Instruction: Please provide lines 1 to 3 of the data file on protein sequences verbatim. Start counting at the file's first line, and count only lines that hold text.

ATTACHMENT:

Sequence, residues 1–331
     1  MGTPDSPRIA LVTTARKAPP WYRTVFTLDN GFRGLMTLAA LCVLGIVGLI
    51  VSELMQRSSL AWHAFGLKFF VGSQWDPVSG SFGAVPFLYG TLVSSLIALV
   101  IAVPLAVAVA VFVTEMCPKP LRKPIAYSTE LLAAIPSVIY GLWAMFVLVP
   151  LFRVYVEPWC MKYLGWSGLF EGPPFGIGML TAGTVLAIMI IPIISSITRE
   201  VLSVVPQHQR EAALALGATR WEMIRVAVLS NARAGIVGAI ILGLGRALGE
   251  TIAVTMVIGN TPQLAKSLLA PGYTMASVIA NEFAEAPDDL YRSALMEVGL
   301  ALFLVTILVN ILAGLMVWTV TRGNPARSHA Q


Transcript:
Sequence, residues 1–331
     1  MGTPDSPRIA LVTTARKAPP WYRTVFTLDN GFRGLMTLAA LCVLGIVGLI
    51  VSELMQRSSL AWHAFGLKFF VGSQWDPVSG SFGAVPFLYG TLVSSLIALV